The Frenchman Louis Pasteur Fig. Lindner in using his drop culture method", thereby laying the foundations for biologically flawless work. As a result of this, it became increasingly possible to make use of pure yeast strains and to reduce the influence of contaminants, This was the basis for the triumph of light coloured beers, which gradu- ally displaced the customary dark Bavarian beer. Thus in in the Municipal brewhouse in Pilsen, which later became the Pilsner Urquell brewery, the original of the Pilsner type of beer Fig.

The Pilsner type beers spread eve- rywhere throughout Europe and Pilsner is still the type of beer most drunk in Germany. It should nevertheless not be forgotten that during this period, manual labour still accoun- ted for a lange share of the work Fig. Many of the breweries founded at that time exist today as giant producers with their own range of products. Breweries founded in this intensive phase between and include, for example: Jacobsen Heineken Fig.

There was an enormous amount of work invilved in cleaning the returned empty wooden barrels used for beer transport In the USA, the development of the breweries s closely linked with the settlement of the coun- try by the European immigrants, Thus, the first breweries appeared on the east coast of the coun- try and then upriver, following the founding of large cities and the expansion of the railway net- work.

Within a few years, the following brewe- ries were founded: This was marked by the founding of many new breweries, for example in Japan the Spring Valley Brewery, since the Kirin Brewery Co. Naturally, the Bavarian Reinheitsgebot was the prevailing law initially in many countries, but American brewers already knew in the s and 70s the economic advantage of using maize meal orice grits as additives.

As a result of the refining of the techniques and technology for the proces- sing of raw grain, a new type of beer was produced which has meanwhile gained global importance. In the USA beer production suffered a severe blow through the prohibition of alcohol, introdu- ced in , At that time, the breweries could only stay in existence by producing so-called near beer".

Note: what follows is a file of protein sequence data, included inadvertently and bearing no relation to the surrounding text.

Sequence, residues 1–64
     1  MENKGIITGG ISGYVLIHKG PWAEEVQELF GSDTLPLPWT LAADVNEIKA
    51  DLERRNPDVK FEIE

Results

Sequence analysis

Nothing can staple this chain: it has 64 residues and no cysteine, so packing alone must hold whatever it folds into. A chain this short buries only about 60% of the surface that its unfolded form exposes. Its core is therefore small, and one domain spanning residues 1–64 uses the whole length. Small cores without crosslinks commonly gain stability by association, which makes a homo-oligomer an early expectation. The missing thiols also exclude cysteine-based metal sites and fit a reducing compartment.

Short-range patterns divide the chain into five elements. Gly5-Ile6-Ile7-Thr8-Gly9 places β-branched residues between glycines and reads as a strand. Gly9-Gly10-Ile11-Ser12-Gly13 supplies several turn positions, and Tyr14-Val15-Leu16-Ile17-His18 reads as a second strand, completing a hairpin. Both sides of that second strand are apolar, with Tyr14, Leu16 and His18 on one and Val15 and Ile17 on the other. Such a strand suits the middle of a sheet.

As a result of the Prohibition, which was not revoked until , criminal activity and the smuggling of alcoholic drinks had become much more widespread and so the result of the Prohibition was very negative. In Scandinavian countries, too, at this time there were substantial limitations on the production and sale of aleohol- containing beverages, and this still exists in some countries.

Added to this were 36, households where tax free drinks were being brewed for home use only [2]. By the number of operating breweries had fallen to 7,, mainly because of the foun- ding of large brewing public limited companies and cooperatives. Many craft breweries from this time are nevertheless still in existence today. The large difference in size and hence better financi- al resources means there is a far greater opportu- nity for introducing new technology in larger breweries.

Small craft breweries could not afford the ex- pensive equipment and retained their traditional equipment and processes - many even until now. Wooden vats were replaced by open fermenters and the wooden barrels, stacked in many layers, were replaced by tanks. For various reasons, however, this process did not occur in many breweries until the final decade of the last millennium, In addition to iron, aluminium later became impor- tant in breweries, especially for fermenters and lagering vessels.